The ancient Greeks and agriculture
Agriculture in ancient Greece represented the main source of the economy of that land. About 80% of the population was employed in this activity.
Historical information and findings tell us that during the early days of Greek history, as shown in the Odyssey, the agriculture and diet of the Greeks was based on cereals (sitos, although usually translated as wheat, could in fact designate any type of cereal).
In fact, most of the cereals were covered with barley (90%) which was less demanding and productive compared to the better nutritional value of wheat.
For the threshing of the cereals we used a threshing floor (lat. Area) in beaten earth, or paved with stone, on which the grain was first shelled by animal trampling (mules, cattle, horses) and hand threshing with scourges and corrected; then followed the winnowing, which removed the straws by means of natural or manual ventilation, with vanni and fans. Overall, crop yields remained very low and stationary throughout the Greek era.
The Greeks practiced the biennial rotation of crops, alternating from year to year between uncultivated and cultivated land. Attempts to introduce three-year crop rotation with legumes in the third year encountered problems due to poor Greek soil and the absence of mechanization. They also did not use animal manure, probably due to the low number of livestock. The only additive to the soil was the weeds left on the soil after the fallow harvest.
In June, wheat and barley were mowed. Threshing was done with the help of animals; the ears were trampled by oxen, donkeys or mules, and the grain stored. Women and slaves worked the land and made bread.
As regards the yields of arable crops, these, overall, remained very low and stationary throughout the history of ancient Greece and the yields of 1:10 attested for Egypt were never reached, where the Nile silt made fertilization superfluous. and fallows; or even yields of 1:12 or 1:15 attested for Mesopotamia. The average yield (seed: harvest ratio) in Greece hardly exceeded the ratio of 1: 3; this means that, setting aside 1/3 of it for the next sowing, the useful harvest was no more than double that sown.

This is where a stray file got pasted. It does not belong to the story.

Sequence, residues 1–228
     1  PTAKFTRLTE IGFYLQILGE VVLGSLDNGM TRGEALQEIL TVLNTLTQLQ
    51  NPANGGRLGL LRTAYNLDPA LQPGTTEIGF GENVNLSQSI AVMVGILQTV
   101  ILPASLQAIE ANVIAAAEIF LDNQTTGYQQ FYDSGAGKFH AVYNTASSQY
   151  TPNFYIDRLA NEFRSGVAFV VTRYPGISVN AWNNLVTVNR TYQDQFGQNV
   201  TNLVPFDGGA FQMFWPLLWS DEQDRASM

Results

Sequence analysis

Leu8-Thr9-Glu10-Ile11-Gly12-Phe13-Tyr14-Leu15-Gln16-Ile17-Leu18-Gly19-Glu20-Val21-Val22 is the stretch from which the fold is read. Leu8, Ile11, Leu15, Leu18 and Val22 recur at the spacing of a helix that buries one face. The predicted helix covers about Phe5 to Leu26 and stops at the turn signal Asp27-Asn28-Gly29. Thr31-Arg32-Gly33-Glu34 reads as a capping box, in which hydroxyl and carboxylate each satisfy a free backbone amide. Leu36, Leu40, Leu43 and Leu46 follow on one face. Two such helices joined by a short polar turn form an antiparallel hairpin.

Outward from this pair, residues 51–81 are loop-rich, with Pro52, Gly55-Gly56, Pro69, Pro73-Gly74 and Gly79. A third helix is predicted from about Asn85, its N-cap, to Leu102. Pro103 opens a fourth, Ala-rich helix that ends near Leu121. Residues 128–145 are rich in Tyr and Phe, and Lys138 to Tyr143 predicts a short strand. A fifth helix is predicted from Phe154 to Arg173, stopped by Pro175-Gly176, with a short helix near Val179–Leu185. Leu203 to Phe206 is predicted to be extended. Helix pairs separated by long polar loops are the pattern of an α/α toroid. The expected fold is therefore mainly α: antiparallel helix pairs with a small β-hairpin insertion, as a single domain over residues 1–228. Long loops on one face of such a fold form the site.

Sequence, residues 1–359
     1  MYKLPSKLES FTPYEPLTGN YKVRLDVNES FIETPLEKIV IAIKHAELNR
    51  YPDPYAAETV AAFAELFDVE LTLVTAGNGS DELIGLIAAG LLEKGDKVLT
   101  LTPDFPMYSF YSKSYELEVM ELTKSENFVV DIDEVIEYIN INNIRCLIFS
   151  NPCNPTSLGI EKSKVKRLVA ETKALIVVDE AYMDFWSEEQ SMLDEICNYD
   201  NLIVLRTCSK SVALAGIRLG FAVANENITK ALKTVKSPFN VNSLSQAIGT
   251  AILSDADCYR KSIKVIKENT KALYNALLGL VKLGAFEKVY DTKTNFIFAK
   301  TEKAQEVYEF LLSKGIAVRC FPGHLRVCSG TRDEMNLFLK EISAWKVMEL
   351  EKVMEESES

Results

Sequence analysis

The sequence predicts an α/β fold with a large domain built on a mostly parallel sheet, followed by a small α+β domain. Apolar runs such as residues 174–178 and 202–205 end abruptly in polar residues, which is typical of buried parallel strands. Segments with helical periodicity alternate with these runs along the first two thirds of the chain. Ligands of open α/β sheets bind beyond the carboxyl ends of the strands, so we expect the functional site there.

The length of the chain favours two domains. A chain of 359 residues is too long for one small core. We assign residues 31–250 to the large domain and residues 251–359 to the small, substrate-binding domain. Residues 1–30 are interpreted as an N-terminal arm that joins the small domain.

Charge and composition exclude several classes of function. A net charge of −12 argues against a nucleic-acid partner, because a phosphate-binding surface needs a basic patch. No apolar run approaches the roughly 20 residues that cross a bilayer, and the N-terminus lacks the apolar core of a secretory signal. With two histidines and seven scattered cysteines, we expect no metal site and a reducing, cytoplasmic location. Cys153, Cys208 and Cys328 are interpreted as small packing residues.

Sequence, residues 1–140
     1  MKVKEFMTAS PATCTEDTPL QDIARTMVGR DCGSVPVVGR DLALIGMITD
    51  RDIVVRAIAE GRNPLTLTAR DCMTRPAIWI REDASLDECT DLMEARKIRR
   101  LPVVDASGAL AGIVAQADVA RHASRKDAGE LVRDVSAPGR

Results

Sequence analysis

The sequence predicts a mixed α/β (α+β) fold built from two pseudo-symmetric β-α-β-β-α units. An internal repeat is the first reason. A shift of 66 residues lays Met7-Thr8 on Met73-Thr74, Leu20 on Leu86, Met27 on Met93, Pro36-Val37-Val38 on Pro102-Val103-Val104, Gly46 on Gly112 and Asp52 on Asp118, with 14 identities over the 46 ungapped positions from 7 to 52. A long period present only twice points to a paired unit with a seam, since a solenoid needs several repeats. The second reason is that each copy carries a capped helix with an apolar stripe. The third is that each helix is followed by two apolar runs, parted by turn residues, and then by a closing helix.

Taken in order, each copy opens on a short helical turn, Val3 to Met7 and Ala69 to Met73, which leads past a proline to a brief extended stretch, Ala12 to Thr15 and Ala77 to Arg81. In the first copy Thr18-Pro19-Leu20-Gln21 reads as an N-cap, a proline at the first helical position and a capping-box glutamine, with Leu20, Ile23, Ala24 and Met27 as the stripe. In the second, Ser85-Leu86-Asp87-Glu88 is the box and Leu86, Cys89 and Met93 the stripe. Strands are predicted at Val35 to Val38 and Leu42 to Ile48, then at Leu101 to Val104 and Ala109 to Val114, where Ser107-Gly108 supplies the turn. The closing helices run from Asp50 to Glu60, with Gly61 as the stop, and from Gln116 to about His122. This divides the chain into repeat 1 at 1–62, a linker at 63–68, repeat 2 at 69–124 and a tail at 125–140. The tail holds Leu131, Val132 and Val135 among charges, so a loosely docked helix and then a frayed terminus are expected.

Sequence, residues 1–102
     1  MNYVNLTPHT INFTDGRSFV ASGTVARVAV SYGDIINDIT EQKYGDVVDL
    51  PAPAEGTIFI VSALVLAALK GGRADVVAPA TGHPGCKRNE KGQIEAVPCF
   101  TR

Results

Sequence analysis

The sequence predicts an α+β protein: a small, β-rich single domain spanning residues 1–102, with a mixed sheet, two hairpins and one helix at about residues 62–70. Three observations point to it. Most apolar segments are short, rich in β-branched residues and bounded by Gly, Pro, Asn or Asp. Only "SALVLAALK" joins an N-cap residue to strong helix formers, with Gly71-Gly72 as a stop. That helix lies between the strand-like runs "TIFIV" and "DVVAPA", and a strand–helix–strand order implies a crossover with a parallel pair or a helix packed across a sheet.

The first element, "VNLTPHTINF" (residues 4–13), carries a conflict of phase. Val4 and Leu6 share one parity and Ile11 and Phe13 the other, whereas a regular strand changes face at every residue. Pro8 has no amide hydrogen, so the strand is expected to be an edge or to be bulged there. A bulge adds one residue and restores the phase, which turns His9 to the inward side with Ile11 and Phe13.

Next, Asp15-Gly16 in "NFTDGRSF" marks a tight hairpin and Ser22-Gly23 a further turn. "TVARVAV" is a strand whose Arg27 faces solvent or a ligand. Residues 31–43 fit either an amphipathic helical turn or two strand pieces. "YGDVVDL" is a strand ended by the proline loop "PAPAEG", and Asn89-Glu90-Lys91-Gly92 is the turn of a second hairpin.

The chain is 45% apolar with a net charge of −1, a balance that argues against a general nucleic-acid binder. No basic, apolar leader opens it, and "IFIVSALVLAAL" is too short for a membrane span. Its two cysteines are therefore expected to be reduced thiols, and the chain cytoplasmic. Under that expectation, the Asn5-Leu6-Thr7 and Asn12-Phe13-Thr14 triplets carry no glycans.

But soon, due to the shortage of arable land, demand exceeded production capacity. The “narrowness” of arable land (in ancient Greek: στενοχωρία / stenokhôría) also explains the need for Greek colonization and the importance that the Anatolian cleruchies would have had in controlling grain production in the Athenian empire.
This testimony also comes to us from Plato:
– They will produce cereals and wine, and will nourish themselves by obtaining flour from barley and wheat, kneading excellent buns and baking breads. As a side dish they will have salt, olives and cheese, and they will boil onions and vegetables. They will have dried figs, chickpeas and broad beans, and they will roast myrtle and beech berries over the fire, which they will accompany with a moderate intake of wine … (Plato, Repubblica 372);
– As needs grow, the land, which previously was enough to feed them, will become insufficient. They will have to subtract a part of the neighbors’ land, in order to have enough for plowing and grazing, and so will the neighbors with them, if they too indulge in the search for unlimited goods, going beyond the limit of what is necessary. . This is how wars are born … (Plato, Republic 373D).
But the Greek land was especially suitable for the cultivation of the olive tree which provided large quantities of oil. The cultivation of the olive tree dates back to an archaic period of Greek history. Olive groves were a long-term investment: it took more than twenty years for a tree to start producing olives and, with the techniques of the times, it only produced fruit every other year.
The olive harvest took place from late autumn to early winter, both by hand and with the pole. The olives were placed in wicker baskets and left to ferment for a couple of weeks before being pressed. The screw press, also referred to as the Greek press by Pliny the Elder (XVIII, 37) was a Roman invention of the 2nd century BC. The oil was stored in terracotta pots. This was also the time for the pruning of trees and vines and the harvesting of legumes.